Dale: The Musical review - Lin-Manuel Miranda lidera la alegría

Before Hamilton, Lin-Manuel Miranda co-wrote the music and lyrics for this peppy musical about cheerleaders who will not throw away their shot at the national championships. Inspirado por el éxito 2000 película, which sparked several sequels, it often feels indistinguishable from other American high school musicals. But the casting of Olympian Louis Smith in a supporting role highlights its particular combination of gymnastics, choreography and cheer-ography.

Amber Davies plays chief cheerleader Campbell who is ready to lead her school’s squad into competition when she is transferred to Jackson High – rumoured to be rough and, disastrously, without a cheerleading team. The first act is vigorously put across with power-pop and hip-hop, plus a couple of bland ballads that lower the temperature, in a show co-written with Amanda Green (lyrics) and Tom Kitt (música) that is slickly delivered, if occasionally generic and too neat. But let it boil and wait until the top of the second act for the show-stopper It’s All Happening, which has Miranda’s unmistakable sense of the moment and rise-up attitude, complete with exhilarating harmonies and blissful raps (some delivered by Smith).

That song tells how Campbell convinces Danielle, head of Jackson’s dance crew, to create a cheerleading squad which Campbell joins to compete against her old schoolmates. This is an inclusive twist on the film, in which Danielle and other cheerleaders of colour went head to head against a predominantly white team. While the film explored issues of cultural appropriation, the musical smartly considers prejudice, privilege and white saviour syndrome and also honours the joy of dance for dance’s sake without the element of competition. It drops the film’s plagiarism plot line, as well as its homophobic slurs and other problematic material, and adds characters including a trans student, La Cienega, played by Jal Joshua who gives one of the numerous bright performances in Guy Unsworth’s production.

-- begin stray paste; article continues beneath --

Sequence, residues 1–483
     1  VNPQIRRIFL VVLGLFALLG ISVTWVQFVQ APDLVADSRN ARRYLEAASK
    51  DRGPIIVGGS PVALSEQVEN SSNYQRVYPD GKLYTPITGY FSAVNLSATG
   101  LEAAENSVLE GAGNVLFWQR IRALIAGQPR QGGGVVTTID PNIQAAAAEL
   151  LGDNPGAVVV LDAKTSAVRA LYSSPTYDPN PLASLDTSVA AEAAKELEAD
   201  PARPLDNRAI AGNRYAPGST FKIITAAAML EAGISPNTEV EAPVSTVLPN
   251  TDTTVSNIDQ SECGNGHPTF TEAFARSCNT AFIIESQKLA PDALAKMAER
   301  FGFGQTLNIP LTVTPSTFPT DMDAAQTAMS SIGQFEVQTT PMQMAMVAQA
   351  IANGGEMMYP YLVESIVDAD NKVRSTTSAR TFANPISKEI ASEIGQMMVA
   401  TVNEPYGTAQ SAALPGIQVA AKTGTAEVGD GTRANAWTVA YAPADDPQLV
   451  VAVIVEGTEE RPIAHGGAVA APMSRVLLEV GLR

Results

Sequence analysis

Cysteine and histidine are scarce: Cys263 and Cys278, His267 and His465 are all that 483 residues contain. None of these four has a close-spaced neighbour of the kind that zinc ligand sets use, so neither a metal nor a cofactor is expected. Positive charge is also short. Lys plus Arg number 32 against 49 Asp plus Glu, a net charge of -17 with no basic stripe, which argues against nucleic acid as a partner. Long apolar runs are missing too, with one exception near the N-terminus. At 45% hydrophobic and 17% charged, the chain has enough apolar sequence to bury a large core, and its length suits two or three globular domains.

Choreographer Fabian Aloise’s vigorous routines take place against bleachers and pennants in Libby Watson’s sports-hall set. The film’s Y2K setting has been updated to encompass the grip of social media and there are a few (perhaps too few) off-the-wall moments, including a shelf full of singing puppets that could have walked off librettist Jeff Whitty’s earlier Avenue Q.

La tristeza es abrumadora, who has lines that chime with her Love Island success, gives Campbell a spirited sense of determination and gradual depth, though her romance with Randall (Connor Carson) never catches fire. Vanessa Fisher richly delivers Danielle’s songs, Chloe Pole impresses as a fabulously self-involved queen of snark and Chelsea Hall is a riot as Bridget, who dresses up as her team’s piratical parrot mascot. Making her professional debut, Hall has charisma to spare in a performance that really does makes you cheer.

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